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    The other thing you must learn to do is to break a big problem up into smaller problems.

    Many times a beginner will start with something like "I want to make this turret turn and shoot at where I click." But this is too much for a newbie to bite off all at once. You have to break it up into smaller problems, and keep doing that until you get tiny little pieces that you can focus on one at a time. For this example, it would be things like:
    • Detect when the mouse is clicked at all (just Debug.Log a message to prove you've done it)
    • Figure out what position it the world corresponds to the position of the mouse
    • Make the turret point at a certain world position
    • Spawn a prefab when clicked
    • Make a projectile that moves forward
    • Make a projectile go away (destroy) when it goes offscreen, or after a certain amount of time
    • Make a projectile do damage when it touches a damageable object
    Etc. THESE are tasks small enough for a newbie might actually be able to find or figure out how to do. The original goal is just the combination of all of these, but is too much to tackle in one go.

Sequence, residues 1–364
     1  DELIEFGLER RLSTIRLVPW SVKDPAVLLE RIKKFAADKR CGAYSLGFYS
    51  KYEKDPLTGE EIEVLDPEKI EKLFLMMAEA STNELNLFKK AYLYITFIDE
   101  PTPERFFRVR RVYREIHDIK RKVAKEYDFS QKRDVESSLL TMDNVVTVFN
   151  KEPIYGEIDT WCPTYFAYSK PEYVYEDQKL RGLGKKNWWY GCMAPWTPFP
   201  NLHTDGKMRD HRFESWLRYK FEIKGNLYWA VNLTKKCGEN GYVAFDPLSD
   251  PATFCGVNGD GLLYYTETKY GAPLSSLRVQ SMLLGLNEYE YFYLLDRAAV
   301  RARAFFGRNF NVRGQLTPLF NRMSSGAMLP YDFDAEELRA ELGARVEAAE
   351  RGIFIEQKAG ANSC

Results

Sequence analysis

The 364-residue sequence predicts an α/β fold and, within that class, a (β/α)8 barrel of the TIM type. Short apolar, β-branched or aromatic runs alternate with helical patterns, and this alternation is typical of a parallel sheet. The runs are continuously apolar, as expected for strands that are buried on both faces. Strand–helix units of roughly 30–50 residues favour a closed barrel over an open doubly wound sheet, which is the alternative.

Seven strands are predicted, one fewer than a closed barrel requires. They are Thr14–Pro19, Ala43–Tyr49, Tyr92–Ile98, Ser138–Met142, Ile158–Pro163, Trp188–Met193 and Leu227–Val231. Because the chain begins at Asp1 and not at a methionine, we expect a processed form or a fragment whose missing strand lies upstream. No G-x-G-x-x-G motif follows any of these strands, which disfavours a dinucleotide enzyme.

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  7. DiamondDog

    DiamondDog

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    I’m no expert - to put it mildy - but I’ve dabbled in a bunch of different languages over the years and I’m now getting back into C# for Unity games programming.

    The best tip I can offer you is to start small. In fact, to start with, I’d write some simple ‘console’ apps which write their output to the screen. For example, can you write a method which adds two numbers together? What about a method which tells you how many vowels a word contains? A method that tells you whether a given number is prime? Can you write a console app which employs a simple class which has no more than a couple of methods? Once you get confident with that kind of thing, then’s the time to start controlling game assets via code. Just a suggestion. Good Luck.
     
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  8. mushey

    mushey

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    Thanks for ur awesome reply, so what would u do if u wanted to do somthing that no one has done.
     
  9. Kiwasi

    Kiwasi

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    Get out of programming. There are almost no problems in programming where the pieces aren't already solved for you. Sure, the specifics might be new, but that's details.